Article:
AWS VPC Design
Agent orchestration deployments on AWS require a virtual private cloud (VPC) network.
Your VPC needs to provide routable access to the buildkite.com service
buildkite-agent processes can connect, and retrieve the jobs assigned
to them. The options are:
- a public subnet, with a route table that has a default route pointing to an internet gateway
- a private subnet, with a route table that has a default route pointing to an NAT device
Auxiliary services used by the agent or your jobs such as S3, ECR, or SSM, can be routed over the public internet, or though a VPC Endpoint.
The AWS VPC Quick Start provides a template for deploying a 2, 3, or 4 Availability Zone VPC with parameters for whether to create public and private subnets. Once deployed, these subnets can then be provided as parameters to the agent orchestration templates such as the Elastic CI Stack for AWS.
Use your organisation’s threat model to guide the selection of a solution that balances operational complexity against acceptable risk for your workload.
Public subnets only
The most basic VPC subnet design involves using only public subnets whose route table’s default route points to an internet gateway. Under this design your EC2 instances or ECS tasks are provided with a public IPv4 address in order to access the internet directly. You can use security groups to limit traffic and block inbound network connections to your instances.
For an added layer of defence against unwanted inbound connectivity, you can place your instances in a private subnet. A private subnet provides the greatest level of control when seeking to restrict the inbound and outbound network connections of your agent instances.
A private subnet’s route table does not grant direct routable access to or from the internet. Instead, a private subnet’s default route is pointed to a NAT instance or a NAT gateway. A NAT device lives in the public subnet, and rewrites the private source IP address of any outbound connections to its own public IP address. NAT devices statefully limit response traffic to known outbound network connections, similar to a security group.
In order to diagnose agent instance performance and behaviours, it is common to remotely access an interactive prompt. There are a number of options available for remote access to instances in a private subnet.
AWS Systems Manager Session Manager
Installing the AWS SSM Agent allows you to initiate sessions on private instances without requiring publicly routable SSH, or adding a VPN gateway to your VPC.
Session Manager provides secure and auditable instance management without the need to open inbound ports, maintain bastion hosts, or manage SSH keys. Session Manager also allows you to comply with corporate policies that require controlled access to instances, strict security practices, and fully auditable logs with instance access details, while still providing end users with one-click cross-platform access to your managed instances.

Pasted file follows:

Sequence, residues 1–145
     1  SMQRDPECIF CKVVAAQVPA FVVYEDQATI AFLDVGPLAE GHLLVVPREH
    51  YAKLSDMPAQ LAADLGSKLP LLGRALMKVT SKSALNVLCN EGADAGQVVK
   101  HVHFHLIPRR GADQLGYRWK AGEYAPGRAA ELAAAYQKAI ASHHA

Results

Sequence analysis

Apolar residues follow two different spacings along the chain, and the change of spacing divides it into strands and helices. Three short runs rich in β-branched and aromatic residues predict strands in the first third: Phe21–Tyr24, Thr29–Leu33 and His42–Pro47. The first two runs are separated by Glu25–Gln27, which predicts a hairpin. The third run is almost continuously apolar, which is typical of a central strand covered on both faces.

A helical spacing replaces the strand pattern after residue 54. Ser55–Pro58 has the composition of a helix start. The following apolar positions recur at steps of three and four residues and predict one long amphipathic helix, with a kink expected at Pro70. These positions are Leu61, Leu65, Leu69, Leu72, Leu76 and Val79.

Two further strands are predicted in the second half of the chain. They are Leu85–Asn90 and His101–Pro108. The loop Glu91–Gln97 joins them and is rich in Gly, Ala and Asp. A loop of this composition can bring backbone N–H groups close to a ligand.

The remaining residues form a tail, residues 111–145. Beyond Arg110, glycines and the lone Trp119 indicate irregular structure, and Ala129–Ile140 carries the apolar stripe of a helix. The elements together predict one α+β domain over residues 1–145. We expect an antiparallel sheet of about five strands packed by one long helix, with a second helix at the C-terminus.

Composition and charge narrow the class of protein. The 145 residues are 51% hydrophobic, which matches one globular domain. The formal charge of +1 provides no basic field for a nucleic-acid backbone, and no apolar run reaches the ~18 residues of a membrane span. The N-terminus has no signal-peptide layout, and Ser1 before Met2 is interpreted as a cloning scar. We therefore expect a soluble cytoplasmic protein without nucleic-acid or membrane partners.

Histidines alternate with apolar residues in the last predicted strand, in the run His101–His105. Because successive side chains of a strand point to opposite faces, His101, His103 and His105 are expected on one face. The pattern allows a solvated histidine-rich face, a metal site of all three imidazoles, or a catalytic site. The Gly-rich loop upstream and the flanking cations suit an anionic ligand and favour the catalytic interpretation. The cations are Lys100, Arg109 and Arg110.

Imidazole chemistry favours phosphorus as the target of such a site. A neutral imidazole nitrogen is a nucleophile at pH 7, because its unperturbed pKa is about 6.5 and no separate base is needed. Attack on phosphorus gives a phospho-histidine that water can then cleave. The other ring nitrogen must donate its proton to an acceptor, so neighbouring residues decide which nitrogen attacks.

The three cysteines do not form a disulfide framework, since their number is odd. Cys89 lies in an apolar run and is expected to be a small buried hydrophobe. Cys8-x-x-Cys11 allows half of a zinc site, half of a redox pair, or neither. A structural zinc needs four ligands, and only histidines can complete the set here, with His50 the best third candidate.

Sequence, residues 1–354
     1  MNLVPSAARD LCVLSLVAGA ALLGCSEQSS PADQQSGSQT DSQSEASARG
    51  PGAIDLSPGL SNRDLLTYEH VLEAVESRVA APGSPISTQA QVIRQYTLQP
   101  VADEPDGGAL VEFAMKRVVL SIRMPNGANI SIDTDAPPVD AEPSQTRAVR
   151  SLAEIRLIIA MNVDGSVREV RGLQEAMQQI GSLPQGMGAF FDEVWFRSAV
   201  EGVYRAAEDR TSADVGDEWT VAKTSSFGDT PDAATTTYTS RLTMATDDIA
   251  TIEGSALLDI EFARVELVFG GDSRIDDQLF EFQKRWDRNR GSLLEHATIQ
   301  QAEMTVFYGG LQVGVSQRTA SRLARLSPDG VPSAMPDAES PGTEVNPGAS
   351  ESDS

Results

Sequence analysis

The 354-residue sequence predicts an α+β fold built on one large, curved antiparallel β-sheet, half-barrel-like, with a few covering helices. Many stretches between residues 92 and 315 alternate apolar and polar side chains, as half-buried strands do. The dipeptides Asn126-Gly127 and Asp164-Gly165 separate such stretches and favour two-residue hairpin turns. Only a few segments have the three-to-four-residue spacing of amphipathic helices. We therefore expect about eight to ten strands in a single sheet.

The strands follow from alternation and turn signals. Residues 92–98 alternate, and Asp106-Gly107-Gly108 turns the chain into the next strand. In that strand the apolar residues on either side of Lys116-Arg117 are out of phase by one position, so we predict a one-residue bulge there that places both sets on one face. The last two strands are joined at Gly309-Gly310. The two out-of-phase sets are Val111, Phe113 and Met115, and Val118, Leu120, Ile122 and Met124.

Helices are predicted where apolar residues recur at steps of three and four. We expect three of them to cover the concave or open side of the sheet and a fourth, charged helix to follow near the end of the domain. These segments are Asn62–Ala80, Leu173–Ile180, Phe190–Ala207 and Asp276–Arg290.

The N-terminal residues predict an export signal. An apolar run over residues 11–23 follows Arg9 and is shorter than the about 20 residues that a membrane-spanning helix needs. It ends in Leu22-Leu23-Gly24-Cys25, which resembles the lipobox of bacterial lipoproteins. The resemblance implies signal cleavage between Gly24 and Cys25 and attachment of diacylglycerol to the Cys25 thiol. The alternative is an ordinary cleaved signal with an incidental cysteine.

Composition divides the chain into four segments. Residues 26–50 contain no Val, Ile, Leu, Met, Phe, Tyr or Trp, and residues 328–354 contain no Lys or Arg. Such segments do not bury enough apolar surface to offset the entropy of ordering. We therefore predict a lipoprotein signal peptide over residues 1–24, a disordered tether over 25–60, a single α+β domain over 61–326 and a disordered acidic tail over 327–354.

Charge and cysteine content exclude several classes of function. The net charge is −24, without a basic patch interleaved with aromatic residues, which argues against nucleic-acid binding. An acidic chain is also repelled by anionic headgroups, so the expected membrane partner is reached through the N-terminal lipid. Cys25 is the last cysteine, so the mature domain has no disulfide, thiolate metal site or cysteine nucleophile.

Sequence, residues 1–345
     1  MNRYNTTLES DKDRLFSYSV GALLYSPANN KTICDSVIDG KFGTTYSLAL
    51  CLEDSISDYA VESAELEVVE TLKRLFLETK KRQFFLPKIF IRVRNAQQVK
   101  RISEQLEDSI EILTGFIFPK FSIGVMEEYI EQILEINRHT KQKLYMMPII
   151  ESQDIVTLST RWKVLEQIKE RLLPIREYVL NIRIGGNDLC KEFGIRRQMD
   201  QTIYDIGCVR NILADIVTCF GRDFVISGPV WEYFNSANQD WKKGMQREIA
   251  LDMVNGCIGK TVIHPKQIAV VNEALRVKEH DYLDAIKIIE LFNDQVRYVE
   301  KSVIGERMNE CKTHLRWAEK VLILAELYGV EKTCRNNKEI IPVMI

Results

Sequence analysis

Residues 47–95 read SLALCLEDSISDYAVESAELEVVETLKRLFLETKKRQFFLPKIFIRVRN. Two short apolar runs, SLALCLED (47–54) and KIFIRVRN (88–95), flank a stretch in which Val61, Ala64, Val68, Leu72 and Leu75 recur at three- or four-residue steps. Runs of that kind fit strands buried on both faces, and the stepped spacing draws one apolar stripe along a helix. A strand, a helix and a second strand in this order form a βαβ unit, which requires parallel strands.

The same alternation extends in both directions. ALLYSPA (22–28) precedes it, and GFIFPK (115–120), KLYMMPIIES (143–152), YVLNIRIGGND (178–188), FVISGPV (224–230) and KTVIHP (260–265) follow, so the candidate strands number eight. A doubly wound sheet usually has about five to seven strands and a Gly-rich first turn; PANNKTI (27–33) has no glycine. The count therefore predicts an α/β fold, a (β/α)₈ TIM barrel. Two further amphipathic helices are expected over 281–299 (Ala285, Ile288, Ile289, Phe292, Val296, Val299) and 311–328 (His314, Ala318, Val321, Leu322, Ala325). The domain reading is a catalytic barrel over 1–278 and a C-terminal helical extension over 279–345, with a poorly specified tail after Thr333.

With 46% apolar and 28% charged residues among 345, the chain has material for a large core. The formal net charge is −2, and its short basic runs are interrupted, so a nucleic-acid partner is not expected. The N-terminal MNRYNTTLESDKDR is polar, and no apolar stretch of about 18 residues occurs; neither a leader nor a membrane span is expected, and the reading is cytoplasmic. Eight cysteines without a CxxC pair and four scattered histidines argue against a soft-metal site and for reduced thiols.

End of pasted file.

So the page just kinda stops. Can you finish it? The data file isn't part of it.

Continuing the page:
See the AWS Systems Manager Session Manager documentation for more details.
The bastion or jump host pattern, involves deploying an instance to a public subnet with a publicly routable IP address and a security group that allows external inbound SSH connections. An additional security group is used to restrict SSH access to the private subnet agent instances to the bastion instances.
This limits the public surface area of your VPC, but still requires exposing an unmanaged instance to public traffic. Public facing instances should be patched and updated regularly.
The Linux Bastion Hosts on AWS Quick Start provides a example of this pattern.
A client VPN can be used to provide hosts outside your VPC with access to your otherwise non-internet routable private subnets. AWS Client VPN provides a managed client-based VPN.
You can control which resources can be accessed by your Client VPN Endpoint using Client VPN authorization.
A VPN can also be combined with bastion instances to provide additional defence in depth, if appropriate or required for your use case.
S3 VPC Endpoint
A gateway VPC endpoint can be used to route traffic directly to regional AWS services. Gateway VPC endpoints can also be used to control access to services, for example restricting which S3 buckets your VPC resources are allowed to access.
The AWS VPC Quick Start creates and configures a gateway VPC endpoint for AWS S3. The private subnet route tables are configured forward the endpoint’s IP-prefix list to the endpoint, instead of the NAT gateway. In-region S3 access from the private subnets will routed directly over the VPC endpoint, and bypass the NAT gateway. By default, the VPC endpoint has a permissive “Full Access” policy. Should you wish to customise this, or the security group that the endpoint belongs to, create a fork of the CloudFormation template.